Homologous polynucleotides typically have at least 70% homology, preferably at least 80%, 90%, 95%, 97% or 99% homology with the relevant sequence, for example over a region of at least 5, 10, 20, 40 more contiguous nucleotides (of the homologous sequence). Homology may be calculated based on any method in the art. For example, the UWGCG Package provides the BESTFIT program which can be used to calculate homology. The PILEUP and BLAST algorithms can be used to calculate homology or line up sequences (typically on their default settings). Software for performing BLAST analyses is publicly available through the National Center for Biotechnology Information (URL: www.ncbi.nlm.nih.gov).
Administering a nucleic acid, such as a microRNA, siRNA, piRNA, snRNA, antisense nucleic acid, or IncRNA to a cell comprises transducing, transfecting, electroporating, translocating, fusing, phagocytosing, shooting or ballistic methods, etc., i.e., any means by which a nucleic acid can be transported across a cell membrane.
As far as routes of administration of therapeutic agents of the present invention are concerned, in one example, the blood-brain barrier is a concern. That is, an obstacle for the development of RNA-based therapeutic approaches for brain pathologies is the blood-brain barrier (BBB). The brain is shielded against potentially toxic substances by the presence of two barrier systems: the blood- brain barrier (BBB) and the blood-cerebrospinal fluid barrier (BCSFB). The BBB is considered to be the major route for the uptake of serum ligands since its surface area is approximately 5000-fold greater than that of BCSFB. The brain endothelium, which constitutes the BBB, represents the major obstacle for the use of potential drugs against many disorders of the CNS. As a general rule, only small lipophilic molecules may pass across the BBB, i.e., from circulating systemic blood to brain.
The present invention also provides pharmaceutical compositions. Such compositions comprise a therapeutically effective amount of the therapeutic, and a pharmaceutically acceptable carrier. In a specific embodiment, the term pharmaceutically acceptable means approved by a regulatory agency of the Federal or a state government or listed in the U.S. Pharmacopeia or other generally recognized pharmacopeia for use in animals, and more particularly in humans. In this specification, the term therapeutically effective amount should be taken to mean an amount of therapeutic which results in a clinically significant inhibition, amelioration or reversal of development or occurrence of seizures.
The term carrier refers to a diluent, adjuvant, excipient, or vehicle with which the therapeutic agent is administered. Such pharmaceutical carriers can be sterile liquids, such as water and oils, including those of petroleum, animal, vegetable or synthetic origin, such as peanut oil, soybean oil, mineral oil, sesame oil and the like. Water is a preferred carrier when the pharmaceutical composition is administered intravenously. Saline solutions and aqueous dextrose and glycerol solutions can also be employed as liquid carriers, particularly for injectable solutions. Suitable pharmaceutical excipients include starch, glucose, lactose, sucrose, gelatin, malt, rice, flour, chalk, silica gel, sodium stearate, glycerol monostearate, talc, sodium chloride, dried skim milk, glycerol, propylene glycol, water, ethanol and the like. The composition, if desired, can also contain minor amounts of wetting or emulsifying agents, or pH buffering agents. Examples of suitable pharmaceutical carriers are described in "Remington's Pharmaceutical Sciences" by E. W. Martin. Such compositions will contain a therapeutically effective amount of the therapeutic, preferably in purified form, together with a suitable amount of carrier so as to provide the form for proper administration to the patient. The formulation should suit the mode of administration. Generally, the ingredients are supplied either separately or mixed together in unit dosage form, for example, as a dry lyophilized powder or water free concentrate in a hermetically sealed container such as an ampoule or sachette indicating the quantity of active agent.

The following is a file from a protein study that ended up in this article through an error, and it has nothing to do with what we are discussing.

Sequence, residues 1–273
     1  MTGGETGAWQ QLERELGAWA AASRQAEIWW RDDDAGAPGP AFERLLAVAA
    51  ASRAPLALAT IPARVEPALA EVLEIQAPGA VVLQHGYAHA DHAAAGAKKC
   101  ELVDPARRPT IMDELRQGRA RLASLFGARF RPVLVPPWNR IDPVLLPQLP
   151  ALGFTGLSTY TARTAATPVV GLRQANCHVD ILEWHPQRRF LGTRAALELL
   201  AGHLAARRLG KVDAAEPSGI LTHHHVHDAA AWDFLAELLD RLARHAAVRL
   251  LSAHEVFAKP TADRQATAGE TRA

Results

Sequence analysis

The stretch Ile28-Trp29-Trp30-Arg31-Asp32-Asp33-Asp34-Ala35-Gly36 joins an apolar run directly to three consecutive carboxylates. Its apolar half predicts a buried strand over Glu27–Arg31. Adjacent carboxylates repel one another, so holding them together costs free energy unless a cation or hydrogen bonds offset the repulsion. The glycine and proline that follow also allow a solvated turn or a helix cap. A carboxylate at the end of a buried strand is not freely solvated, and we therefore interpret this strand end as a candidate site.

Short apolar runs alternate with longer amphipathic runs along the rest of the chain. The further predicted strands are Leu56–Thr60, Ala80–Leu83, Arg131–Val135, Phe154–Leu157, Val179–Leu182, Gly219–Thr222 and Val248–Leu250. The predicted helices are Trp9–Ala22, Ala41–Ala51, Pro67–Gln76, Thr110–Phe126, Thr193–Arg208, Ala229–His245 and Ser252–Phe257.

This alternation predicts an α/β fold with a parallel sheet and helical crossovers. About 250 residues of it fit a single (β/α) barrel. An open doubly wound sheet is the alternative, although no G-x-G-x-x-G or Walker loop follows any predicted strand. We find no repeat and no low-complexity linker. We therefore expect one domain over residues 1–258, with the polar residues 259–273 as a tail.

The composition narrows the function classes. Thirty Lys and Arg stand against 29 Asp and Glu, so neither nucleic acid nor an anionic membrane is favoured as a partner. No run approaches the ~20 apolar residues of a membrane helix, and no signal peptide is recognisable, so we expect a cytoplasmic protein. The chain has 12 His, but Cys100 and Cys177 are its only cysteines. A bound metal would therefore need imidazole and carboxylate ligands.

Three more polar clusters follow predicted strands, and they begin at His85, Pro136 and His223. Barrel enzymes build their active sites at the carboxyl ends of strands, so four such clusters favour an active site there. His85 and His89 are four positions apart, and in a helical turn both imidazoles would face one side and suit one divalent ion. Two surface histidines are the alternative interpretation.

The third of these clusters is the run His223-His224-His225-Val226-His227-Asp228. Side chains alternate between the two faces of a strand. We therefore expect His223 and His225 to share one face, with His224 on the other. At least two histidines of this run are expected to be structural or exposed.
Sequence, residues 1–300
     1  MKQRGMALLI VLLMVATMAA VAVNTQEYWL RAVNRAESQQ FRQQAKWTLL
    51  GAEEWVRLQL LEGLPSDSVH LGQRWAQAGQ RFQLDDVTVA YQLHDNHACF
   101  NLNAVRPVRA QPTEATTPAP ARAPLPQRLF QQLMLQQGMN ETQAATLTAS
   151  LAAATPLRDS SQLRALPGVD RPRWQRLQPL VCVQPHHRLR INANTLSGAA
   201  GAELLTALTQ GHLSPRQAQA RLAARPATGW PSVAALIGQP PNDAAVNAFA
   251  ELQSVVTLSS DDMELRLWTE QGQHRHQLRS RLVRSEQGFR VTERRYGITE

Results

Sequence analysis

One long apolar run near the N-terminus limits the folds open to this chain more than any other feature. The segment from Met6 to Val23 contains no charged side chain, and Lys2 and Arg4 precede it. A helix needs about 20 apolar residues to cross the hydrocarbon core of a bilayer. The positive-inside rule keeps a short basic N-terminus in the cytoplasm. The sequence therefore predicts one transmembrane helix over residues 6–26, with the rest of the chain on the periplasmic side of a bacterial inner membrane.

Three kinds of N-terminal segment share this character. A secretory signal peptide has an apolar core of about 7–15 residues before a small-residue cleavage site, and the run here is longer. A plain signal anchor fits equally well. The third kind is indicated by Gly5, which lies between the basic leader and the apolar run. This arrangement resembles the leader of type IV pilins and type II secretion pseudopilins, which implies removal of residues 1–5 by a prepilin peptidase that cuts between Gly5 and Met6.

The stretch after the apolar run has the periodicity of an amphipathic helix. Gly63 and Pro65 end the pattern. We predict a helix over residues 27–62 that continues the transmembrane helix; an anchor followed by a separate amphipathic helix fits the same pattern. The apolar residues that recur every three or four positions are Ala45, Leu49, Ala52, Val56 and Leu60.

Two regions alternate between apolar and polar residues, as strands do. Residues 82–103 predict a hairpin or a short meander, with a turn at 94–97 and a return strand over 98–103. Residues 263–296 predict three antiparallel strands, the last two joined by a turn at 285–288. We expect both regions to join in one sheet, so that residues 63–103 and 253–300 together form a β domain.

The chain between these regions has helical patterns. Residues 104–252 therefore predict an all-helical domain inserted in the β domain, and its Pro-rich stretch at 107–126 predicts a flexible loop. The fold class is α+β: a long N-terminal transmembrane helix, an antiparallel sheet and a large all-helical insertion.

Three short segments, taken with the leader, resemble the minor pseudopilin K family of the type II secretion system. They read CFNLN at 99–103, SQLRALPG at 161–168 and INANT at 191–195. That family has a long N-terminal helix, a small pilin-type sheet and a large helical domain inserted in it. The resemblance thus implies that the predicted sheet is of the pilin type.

In the context of the present disclosure, in certain embodiments, the therapeutic agent is administered intranasally or intrathecally. The goal of the mode of administration is to enable the therapeutic agent to reach its target sight, the central nervous system. In one embodiment, the target location for the therapeutic agents of the present disclosure is the cortex and/or the hippocampus.
Delivery of biologics across the blood brain barrier and into the central nervous system is better achieved by certain means of administration and/or drug formulation as would be understood to one of ordinary skilled drug delivery Pharmacologist. The compositions of the present disclosure may further include agents which improve the mucoadhesivity, nasal tolerance, or the flow properties of the composition, mucoadhesives, absorption enhancers, odorants, humectants, and preservatives. Suitable agents which increase the flow properties of the composition when in an aqueous carrier include, for example, sodium carboxymethyl cellulose, hyaluronic acid, gelatin, algin, carageenans, carbomers, galactomannans, polyethylene glycols, polyvinyl alcohol, polyvinylpyrrolidone, sodium carboxymethyl dextran and xantham gum. Suitable absorption enhancers include bile salts, phospholipids, sodium glycyrrhetinate, sodium caprate, ammonium tartrate, gamma. aminolevulinic acid, oxalic acid, malonic acid, succinc acid, maleic acid and oxaloacetic acid. Suitable humectants for aqueous compositions include, for example, glycerin, polysaccharides and polyethylene glycols. Suitable mucoadhesives include, for example, polyvinyl pyrrolidone polymer.